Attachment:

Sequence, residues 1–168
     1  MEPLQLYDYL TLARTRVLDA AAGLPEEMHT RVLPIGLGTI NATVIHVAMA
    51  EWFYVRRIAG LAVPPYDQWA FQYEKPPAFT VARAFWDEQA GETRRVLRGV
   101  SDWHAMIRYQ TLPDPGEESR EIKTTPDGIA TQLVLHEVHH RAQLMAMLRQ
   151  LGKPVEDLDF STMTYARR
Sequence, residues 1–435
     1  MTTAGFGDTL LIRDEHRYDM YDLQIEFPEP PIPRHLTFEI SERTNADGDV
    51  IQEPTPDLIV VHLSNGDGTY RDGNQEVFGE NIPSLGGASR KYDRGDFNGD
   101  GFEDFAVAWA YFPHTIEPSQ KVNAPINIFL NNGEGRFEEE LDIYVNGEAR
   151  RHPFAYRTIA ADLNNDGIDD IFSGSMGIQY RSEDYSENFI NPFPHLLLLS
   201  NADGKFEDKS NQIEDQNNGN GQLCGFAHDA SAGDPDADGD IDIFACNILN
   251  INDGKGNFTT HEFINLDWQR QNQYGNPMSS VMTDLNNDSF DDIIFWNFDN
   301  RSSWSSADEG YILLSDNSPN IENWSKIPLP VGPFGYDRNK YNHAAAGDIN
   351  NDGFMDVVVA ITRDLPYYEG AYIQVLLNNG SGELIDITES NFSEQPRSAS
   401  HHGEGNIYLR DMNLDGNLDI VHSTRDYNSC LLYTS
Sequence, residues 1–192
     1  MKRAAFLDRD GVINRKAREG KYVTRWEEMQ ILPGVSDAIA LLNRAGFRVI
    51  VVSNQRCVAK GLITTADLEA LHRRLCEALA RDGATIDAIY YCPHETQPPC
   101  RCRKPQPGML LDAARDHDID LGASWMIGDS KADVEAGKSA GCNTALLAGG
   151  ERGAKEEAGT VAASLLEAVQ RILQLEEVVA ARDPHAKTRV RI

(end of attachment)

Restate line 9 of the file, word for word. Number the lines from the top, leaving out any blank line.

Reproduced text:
   101  GFEDFAVAWA YFPHTIEPSQ KVNAPINIFL NNGEGRFEEE LDIYVNGEAR